Here is a reprint from a Legal Mutual Insurance newsletter about a distinguished Washington DC attorney who handles a large volume of legal malpractice cases. For the full article see the legal mutual site.
A View of Risk Management from the Plaintiff’s Side
Lawyer Who Specializes In Suing Lawyers Gives Advice On How To Stay Out Of Trouble
By Jaclyn Jaeger, Lawyers Weekly USA, Nov. 2003
Reprinted with permission.
Many lawyers fear him – a lawyer who earns his living suing other lawyers for malpractice. Others know him as an all around well-respected guy. But love him or hate him, Christopher Hoge sees first hand what gets lawyers into legal trouble. Hoge, an AV-rated lawyer based in Washington, D.C., has agreed to share his insights with Lawyers Weekly USA as a way to help lawyers avoid the humiliation of occupying the defendant’s chair in a legal malpractice suit. He has been practicing since 1975 and was elected as president of the Bar Association of the District of Columbia from 1998-1999. His other areas of practice include criminal law, civil litigation and professional negligence.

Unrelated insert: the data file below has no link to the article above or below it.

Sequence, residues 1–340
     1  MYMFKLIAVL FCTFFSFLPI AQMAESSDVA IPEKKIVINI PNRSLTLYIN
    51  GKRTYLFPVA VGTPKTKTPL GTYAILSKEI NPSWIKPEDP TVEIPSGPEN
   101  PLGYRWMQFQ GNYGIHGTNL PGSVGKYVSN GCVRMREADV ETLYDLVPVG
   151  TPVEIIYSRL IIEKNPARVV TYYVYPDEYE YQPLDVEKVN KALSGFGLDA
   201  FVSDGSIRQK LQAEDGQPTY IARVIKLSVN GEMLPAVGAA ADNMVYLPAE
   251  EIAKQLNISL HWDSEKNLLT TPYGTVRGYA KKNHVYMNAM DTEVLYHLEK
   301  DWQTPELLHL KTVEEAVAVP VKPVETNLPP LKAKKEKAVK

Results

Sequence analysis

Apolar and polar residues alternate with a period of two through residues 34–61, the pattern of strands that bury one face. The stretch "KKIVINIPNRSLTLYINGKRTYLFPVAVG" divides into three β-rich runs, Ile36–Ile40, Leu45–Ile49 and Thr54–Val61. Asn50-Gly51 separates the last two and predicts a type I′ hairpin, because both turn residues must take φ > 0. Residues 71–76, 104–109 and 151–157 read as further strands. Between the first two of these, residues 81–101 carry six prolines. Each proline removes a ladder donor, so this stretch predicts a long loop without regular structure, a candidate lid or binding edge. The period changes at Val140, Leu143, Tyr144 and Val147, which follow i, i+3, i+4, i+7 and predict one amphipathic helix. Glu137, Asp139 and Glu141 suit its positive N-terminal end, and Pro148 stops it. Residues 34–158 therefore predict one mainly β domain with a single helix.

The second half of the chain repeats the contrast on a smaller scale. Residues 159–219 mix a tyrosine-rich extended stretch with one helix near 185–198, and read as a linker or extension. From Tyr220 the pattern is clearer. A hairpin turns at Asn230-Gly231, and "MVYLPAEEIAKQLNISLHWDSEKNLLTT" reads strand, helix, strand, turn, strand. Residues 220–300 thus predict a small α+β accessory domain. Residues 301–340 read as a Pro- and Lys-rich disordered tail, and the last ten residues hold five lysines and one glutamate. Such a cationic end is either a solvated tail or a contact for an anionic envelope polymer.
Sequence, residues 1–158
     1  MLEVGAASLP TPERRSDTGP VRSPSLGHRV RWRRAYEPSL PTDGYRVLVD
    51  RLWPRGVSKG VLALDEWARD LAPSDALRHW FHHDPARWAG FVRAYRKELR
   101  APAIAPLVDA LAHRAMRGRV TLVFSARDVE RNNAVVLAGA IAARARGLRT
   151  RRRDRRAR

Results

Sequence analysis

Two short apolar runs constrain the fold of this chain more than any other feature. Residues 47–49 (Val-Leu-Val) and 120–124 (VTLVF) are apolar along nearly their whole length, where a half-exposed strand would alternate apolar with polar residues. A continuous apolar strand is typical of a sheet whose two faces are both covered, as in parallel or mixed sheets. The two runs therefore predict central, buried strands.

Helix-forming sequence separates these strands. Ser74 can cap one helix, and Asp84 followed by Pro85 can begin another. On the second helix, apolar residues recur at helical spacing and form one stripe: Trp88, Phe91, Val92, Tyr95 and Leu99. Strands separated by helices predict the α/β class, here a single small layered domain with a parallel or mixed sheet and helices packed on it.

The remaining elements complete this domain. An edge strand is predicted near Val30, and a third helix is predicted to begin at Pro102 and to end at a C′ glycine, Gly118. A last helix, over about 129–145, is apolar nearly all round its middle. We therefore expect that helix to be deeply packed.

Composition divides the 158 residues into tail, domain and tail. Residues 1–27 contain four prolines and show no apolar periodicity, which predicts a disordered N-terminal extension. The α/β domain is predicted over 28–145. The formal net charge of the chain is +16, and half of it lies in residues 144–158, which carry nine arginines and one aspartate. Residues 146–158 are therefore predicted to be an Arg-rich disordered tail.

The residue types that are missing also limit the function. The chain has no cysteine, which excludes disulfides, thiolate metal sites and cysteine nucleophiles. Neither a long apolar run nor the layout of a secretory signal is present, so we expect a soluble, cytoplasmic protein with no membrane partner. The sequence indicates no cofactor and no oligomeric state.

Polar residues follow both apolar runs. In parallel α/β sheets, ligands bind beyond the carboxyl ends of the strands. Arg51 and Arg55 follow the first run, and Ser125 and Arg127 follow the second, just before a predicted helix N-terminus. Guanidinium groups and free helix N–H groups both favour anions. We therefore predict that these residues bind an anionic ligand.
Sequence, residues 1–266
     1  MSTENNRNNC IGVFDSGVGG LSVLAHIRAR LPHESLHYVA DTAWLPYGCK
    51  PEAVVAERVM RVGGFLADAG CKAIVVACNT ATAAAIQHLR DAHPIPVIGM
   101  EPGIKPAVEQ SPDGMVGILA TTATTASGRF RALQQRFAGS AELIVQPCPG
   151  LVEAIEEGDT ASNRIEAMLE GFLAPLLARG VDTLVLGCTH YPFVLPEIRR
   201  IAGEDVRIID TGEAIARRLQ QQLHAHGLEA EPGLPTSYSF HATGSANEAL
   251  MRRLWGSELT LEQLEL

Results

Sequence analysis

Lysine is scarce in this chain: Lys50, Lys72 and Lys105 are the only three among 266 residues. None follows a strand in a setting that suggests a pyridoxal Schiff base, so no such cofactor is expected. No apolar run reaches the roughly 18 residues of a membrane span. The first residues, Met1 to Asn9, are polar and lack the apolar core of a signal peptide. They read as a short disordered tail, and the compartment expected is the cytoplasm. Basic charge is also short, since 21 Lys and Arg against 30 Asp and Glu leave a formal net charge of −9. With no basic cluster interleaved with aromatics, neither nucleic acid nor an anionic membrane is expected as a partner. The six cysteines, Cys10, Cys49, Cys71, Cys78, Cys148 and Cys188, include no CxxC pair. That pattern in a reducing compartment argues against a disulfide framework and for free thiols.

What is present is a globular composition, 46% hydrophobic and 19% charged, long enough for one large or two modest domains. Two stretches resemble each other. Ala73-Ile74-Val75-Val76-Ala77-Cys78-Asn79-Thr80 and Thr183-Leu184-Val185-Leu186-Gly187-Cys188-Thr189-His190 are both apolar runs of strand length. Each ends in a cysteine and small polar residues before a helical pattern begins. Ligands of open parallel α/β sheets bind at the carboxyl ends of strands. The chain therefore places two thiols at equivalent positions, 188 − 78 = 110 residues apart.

What percentage of your practice is devoted to suing lawyers?
I’d say at this point, probably 30 or 40 percent of my practice is devoted to representing plaintiffs in legal malpractice cases. It’s a little hard to be exact about that, because I have a lot of cases.
What are some of the more reoccurring complaints that get lawyers into trouble?
What gets lawyers in trouble with clients is not necessarily what gets the lawyers into trouble with me. What gets the lawyers into trouble with the client is not communicating with the client, not returning phone calls, blowing them off when they ask questions about their cases, being arrogant. The other thing that will get me a client is if they feel like a lawyer has overcharged them, and the lawyer sues them for a fee. Nothing will get a client into my office faster than if they got sued for a fee by a lawyer that they don’t think did a good job. But that’s not going to be enough for me to take the case. As much as I think it’s terrible that a lawyer doesn’t return phone calls, or a lawyer doesn’t give information about the case to a client, that’s not legal malpractice. What I’m looking for is: Was there a good case there to begin with, and did the case get blown because the lawyer didn’t do his or her job?